So some of you, like me, are way into long-lost, shot-on-video oddities that spring forth from the minds of lunatics. You know who you are and you know what I’m talking about and if you don’t, you probably don’t need to read any further, because the movie we’re about to discuss, Jungle Trap, isn’t for you.
James Bryan is something of a legend when it comes to SOV horror and havoc. I’ve seen the likes of Lady Street Fighter, Hell Riders, and Don’t Go in the Woods, but he’s helmed tons more, many with fantastic titles like Beach Blanket Bango and Sex Aliens. For the uninitiated, that should give you a clue where this man’s proclivities lie.
Originally shot in 1990, Jungle Trap was essentially lost—actually, it wasn’t lost so much lost as it languished, incomplete, in Bryan’s shed ever since—until those purveyors of fine trash at Bleeding Skull came across the pieces. Immediately springing into action, they Kickstarted funds, assembled the film, put together a synth-heavy score, and voila, 26 years later, Jungle Trap is ready for public consumption. And by public consumption, I mean it’s ready for a bunch wingnuts and weirdos to seek it out and get their minds broke a little bit.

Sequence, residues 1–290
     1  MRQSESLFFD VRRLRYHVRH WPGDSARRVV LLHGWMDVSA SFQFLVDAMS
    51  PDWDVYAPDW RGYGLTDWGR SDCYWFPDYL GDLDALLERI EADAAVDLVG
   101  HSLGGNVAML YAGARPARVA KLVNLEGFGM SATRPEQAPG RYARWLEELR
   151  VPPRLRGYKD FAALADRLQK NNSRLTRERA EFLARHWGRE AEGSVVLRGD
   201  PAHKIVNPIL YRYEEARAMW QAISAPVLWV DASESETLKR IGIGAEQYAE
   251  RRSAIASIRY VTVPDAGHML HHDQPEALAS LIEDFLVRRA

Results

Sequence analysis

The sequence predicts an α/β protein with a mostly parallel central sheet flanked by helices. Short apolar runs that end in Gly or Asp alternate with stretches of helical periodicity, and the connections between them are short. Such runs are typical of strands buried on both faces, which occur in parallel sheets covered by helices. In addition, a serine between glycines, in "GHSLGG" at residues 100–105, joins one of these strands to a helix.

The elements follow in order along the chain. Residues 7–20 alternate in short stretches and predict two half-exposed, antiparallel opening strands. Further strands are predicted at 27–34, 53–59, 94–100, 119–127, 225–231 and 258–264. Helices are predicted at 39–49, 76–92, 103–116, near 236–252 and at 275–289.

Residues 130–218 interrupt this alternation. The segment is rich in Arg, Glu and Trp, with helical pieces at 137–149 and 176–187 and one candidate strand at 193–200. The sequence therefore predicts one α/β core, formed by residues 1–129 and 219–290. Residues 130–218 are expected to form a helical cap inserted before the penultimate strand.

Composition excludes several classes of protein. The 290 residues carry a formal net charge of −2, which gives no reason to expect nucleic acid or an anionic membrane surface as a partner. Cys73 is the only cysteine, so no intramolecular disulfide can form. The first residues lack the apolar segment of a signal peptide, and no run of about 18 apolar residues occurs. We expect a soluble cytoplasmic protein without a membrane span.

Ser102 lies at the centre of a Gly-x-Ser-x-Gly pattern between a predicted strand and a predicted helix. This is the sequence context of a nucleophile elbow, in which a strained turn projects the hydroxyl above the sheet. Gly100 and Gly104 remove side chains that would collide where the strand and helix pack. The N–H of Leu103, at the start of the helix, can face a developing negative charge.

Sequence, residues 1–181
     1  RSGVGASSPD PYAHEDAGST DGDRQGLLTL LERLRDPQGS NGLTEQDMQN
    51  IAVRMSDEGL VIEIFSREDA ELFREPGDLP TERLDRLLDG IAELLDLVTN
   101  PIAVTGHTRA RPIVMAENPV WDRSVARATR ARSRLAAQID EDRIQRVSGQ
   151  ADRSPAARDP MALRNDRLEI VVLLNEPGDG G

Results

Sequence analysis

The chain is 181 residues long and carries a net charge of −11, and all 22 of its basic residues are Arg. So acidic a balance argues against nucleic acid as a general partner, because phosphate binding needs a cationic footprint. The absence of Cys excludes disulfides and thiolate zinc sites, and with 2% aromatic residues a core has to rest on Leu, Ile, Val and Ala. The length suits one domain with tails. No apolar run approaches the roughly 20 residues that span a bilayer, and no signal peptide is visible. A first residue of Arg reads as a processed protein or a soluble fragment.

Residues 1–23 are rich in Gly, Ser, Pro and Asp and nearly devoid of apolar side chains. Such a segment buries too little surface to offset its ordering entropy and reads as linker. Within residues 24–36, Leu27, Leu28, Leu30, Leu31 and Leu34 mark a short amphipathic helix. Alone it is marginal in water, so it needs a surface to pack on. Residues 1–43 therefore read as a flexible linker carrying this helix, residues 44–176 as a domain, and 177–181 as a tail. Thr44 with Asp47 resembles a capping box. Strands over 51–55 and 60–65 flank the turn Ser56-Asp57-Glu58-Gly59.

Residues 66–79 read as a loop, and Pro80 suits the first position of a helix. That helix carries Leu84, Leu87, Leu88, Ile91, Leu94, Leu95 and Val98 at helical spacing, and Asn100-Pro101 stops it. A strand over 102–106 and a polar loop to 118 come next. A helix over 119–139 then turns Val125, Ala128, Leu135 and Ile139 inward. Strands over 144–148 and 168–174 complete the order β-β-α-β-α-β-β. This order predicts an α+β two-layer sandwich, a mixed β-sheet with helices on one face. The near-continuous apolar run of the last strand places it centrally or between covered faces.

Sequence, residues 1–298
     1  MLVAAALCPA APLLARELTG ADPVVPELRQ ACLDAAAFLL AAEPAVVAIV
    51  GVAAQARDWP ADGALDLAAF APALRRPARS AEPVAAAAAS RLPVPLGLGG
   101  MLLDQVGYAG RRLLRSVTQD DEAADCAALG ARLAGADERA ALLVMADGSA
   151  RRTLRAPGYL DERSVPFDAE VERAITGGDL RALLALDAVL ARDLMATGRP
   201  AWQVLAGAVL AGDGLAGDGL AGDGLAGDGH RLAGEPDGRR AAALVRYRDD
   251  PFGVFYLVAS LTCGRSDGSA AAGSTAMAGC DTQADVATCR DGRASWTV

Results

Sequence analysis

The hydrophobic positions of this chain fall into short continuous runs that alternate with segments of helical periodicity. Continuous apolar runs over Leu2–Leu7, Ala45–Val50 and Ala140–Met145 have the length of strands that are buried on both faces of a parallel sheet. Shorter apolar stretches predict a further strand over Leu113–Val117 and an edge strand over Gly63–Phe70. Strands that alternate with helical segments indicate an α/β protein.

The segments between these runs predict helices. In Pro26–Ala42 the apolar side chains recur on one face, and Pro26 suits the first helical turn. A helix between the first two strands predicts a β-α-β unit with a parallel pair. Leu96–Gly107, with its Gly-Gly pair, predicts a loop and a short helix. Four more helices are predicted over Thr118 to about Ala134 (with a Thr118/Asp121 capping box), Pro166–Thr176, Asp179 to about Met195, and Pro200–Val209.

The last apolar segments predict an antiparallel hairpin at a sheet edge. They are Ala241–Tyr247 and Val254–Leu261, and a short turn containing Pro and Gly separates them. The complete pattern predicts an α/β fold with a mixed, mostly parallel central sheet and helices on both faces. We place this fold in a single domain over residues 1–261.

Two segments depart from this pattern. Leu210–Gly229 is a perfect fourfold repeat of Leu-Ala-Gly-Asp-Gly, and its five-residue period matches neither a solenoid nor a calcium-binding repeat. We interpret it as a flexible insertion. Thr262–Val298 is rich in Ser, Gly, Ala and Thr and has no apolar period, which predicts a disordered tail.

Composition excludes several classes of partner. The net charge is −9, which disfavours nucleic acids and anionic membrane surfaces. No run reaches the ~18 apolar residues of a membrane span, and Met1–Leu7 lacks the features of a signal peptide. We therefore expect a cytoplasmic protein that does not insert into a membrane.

The plot revolves around an expedition that travels to an abandoned hotel in the middle of the South American jungle, a hotel haunted by the vengeful spirits of a slaughtered native tribe. Along the way there are many decapitations, angry ghost warriors, and a super drunk bush pilot, among other peculiarities and flourishes of mayhem. And that doesn’t even begin to describe how bonkers this shit is.
Jungle Trap is a spectacle that needs to be witnessed first hand. I even braved a midnight show at the Seattle International Film Festival to see this bit of off-kilter madness. That’s so far past my bedtime, but it was worth every second. [Grade: A]